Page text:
He said some European leaders "are taken aback" by Ireland’s high level of vaccine uptake.
The Government here is also "very pleased" with the response to this morning’s announcement that 18-34 year-olds will be able to make appointments from next week with over 700 pharmacies nationwide to receive Janssen and AstraZeneca vaccines.
"There’s a good engagement in Ireland from our people and that’s very, very good. When you take a vaccine you protect yourself but you protect your neighbour and your family member as well. We’re very focused on maintaining that high uptake in Ireland."
Asked if there will be sufficient supplies of vaccine to satisfy the demand from the 18-34 year-olds, he said: "There’s limited supplies so far but we’re working on trying to increase that supply, particularly of Janssen, but there will be about 175,000."
Meanwhile, he said the logistics of the Romanian deal and when the one million doses will arrive here "have to be worked out".
On RTÉ's Drivetime programme, HSE Chief Clinical Officer Dr Colm Henry said he is "confident" the HSE will be able to "deal with any additional stocks of vaccines" delivered to Ireland.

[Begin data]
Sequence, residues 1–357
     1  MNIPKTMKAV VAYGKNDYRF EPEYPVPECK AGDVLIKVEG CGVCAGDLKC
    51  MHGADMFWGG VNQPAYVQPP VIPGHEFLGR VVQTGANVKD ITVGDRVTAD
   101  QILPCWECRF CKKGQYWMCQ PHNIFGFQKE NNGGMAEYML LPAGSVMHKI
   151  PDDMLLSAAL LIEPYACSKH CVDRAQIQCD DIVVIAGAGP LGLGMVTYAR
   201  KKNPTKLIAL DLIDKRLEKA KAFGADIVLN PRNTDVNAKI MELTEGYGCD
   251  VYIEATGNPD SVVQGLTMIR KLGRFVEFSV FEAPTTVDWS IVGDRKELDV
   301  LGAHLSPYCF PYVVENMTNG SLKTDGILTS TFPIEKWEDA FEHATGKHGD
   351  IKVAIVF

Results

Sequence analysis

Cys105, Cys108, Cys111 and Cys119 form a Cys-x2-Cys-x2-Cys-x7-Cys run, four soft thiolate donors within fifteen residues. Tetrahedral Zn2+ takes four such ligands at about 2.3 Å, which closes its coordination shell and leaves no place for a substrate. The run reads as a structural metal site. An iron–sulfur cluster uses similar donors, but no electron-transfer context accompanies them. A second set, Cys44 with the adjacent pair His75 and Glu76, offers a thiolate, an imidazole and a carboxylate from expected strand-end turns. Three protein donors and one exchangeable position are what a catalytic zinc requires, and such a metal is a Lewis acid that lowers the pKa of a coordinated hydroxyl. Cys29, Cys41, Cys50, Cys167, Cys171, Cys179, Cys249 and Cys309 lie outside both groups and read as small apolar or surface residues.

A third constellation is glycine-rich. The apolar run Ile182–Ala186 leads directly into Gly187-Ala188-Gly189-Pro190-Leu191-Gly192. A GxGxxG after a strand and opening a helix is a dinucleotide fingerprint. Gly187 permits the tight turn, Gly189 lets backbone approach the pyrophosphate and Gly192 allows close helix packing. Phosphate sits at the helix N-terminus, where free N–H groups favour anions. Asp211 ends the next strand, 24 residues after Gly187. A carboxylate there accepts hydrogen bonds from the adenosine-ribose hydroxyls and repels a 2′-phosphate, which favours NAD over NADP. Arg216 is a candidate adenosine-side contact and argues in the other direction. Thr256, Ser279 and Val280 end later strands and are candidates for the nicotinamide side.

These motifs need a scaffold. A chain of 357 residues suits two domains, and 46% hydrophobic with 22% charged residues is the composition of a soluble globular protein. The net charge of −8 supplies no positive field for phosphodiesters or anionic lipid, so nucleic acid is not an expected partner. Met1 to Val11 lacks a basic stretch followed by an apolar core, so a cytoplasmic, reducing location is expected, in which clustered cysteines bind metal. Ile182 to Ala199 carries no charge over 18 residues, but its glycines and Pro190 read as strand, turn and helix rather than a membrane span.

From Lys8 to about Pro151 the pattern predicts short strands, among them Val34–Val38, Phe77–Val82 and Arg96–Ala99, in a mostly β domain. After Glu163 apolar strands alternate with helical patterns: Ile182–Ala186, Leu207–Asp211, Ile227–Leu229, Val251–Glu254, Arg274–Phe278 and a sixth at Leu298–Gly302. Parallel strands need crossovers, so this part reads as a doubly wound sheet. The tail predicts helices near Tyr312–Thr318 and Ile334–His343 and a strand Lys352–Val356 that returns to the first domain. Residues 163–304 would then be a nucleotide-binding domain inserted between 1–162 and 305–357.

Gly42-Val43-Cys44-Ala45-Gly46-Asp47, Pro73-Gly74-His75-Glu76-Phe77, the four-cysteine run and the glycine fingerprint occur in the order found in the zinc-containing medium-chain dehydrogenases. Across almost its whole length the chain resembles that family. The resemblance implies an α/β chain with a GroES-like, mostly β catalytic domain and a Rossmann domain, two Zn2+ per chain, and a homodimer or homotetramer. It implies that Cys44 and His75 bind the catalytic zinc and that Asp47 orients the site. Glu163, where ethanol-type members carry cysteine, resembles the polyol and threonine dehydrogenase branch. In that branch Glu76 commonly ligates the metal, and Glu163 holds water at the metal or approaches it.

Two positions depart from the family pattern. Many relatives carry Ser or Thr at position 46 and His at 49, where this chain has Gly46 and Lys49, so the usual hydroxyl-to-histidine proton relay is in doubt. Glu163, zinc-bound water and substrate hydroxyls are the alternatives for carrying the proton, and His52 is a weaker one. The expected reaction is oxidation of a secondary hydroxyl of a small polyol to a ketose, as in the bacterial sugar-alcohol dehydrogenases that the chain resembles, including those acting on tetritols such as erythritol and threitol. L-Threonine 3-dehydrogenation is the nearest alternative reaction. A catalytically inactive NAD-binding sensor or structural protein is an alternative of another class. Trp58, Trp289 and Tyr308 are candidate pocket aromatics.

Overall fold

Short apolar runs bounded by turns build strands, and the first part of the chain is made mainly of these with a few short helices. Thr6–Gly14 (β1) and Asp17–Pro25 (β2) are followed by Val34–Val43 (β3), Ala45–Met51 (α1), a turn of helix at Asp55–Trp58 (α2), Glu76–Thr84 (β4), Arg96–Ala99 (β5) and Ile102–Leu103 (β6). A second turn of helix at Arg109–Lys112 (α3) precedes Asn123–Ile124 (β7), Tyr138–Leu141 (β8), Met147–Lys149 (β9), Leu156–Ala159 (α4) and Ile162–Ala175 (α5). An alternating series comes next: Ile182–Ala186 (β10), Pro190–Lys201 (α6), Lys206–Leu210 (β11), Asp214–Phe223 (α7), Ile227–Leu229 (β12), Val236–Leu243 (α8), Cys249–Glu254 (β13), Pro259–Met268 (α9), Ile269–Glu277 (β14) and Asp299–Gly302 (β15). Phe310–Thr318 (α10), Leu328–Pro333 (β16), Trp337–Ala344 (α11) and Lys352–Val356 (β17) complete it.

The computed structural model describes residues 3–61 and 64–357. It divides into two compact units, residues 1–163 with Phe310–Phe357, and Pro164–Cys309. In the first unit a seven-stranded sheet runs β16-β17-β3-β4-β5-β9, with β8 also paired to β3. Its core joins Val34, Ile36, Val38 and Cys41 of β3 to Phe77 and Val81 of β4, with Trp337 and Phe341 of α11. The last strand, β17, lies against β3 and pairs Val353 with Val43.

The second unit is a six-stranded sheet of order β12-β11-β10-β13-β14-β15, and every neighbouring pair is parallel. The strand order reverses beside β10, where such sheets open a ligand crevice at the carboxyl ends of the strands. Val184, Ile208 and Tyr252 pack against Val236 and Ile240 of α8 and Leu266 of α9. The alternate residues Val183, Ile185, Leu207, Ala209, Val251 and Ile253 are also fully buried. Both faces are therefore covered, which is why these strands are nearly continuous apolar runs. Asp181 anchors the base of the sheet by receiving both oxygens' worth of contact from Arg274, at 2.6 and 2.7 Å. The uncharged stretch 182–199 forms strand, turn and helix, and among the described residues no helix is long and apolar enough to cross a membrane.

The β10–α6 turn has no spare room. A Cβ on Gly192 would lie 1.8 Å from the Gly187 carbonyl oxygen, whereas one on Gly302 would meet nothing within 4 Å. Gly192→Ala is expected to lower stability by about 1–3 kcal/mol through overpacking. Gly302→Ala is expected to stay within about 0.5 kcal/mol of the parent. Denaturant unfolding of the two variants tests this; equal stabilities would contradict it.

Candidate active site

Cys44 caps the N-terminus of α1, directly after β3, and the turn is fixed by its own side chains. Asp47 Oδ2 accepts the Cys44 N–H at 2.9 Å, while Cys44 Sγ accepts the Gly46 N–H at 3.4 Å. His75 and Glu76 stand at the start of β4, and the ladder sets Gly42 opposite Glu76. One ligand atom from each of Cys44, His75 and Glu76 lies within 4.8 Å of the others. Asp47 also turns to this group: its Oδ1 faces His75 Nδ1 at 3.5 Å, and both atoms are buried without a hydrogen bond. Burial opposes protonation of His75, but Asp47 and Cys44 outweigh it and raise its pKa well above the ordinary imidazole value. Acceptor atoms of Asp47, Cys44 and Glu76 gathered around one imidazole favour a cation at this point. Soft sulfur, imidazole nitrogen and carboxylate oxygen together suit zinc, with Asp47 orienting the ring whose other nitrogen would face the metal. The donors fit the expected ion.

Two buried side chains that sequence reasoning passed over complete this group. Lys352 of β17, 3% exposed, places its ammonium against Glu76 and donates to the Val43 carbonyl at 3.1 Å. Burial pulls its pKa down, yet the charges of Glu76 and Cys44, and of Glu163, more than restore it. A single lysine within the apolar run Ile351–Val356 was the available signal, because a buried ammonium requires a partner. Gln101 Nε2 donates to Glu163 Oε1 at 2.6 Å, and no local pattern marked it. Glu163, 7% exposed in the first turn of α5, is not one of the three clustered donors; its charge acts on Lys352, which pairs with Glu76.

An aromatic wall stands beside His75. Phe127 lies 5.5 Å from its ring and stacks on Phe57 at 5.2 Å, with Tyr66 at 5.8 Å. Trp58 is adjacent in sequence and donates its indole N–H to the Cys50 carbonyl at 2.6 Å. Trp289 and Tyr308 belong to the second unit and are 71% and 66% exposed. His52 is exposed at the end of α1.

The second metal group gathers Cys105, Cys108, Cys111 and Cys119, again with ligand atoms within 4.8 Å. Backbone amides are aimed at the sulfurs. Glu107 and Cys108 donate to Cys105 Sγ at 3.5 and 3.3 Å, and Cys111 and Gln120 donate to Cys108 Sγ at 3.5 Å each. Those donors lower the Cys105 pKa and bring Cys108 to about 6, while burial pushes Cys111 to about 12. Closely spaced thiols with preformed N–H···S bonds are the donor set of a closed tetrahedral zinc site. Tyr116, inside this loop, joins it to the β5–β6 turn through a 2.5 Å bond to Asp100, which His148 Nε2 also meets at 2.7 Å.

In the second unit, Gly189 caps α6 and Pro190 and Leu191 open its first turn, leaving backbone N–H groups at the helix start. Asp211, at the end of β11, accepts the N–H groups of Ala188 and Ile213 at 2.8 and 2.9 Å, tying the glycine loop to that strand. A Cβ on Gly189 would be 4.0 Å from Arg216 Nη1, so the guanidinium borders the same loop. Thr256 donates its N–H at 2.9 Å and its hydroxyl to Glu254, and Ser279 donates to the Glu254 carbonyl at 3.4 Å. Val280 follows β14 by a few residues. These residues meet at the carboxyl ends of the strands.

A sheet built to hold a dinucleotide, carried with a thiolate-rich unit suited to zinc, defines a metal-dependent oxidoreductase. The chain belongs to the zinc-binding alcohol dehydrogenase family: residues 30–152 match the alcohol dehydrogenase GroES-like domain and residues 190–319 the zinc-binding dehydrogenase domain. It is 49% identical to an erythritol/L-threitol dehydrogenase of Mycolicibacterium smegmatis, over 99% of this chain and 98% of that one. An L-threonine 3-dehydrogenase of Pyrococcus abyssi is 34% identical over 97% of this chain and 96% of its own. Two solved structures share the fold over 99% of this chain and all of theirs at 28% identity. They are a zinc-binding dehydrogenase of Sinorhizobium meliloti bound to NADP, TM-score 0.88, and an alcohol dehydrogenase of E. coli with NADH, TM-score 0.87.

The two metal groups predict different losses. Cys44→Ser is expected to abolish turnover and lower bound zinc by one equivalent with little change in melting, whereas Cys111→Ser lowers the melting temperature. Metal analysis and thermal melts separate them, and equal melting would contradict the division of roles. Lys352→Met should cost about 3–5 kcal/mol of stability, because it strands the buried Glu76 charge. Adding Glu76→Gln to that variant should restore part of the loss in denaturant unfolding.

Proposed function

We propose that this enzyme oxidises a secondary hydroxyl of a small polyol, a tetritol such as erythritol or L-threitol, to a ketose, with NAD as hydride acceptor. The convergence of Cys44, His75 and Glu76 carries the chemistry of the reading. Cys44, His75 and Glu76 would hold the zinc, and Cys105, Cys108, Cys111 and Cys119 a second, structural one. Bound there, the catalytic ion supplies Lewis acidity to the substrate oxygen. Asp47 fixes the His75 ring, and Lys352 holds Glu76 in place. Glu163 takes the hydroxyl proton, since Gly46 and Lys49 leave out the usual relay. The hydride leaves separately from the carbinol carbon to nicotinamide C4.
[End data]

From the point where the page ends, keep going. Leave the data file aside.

Dr Henry said it will remain the HSE's target to administer vaccines as soon as possible after they are delivered to the country, saying that "90% of vaccines are administered here within one week of delivery."
Accelerate and build up a 'vaccine wall' to protect against Delta surge
The Taoiseach earlier said the priority now is to accelerate and build-up a vaccine wall to protect people against an expected surge of the Covid-19 Delta variant in July and August.
Speaking in Co Limerick this afternoon, Mr Martin expressed concern over the impact that a wave of infection of the Delta variant could have, adding that: "Delta is real, and there will be a Delta wave across Europe."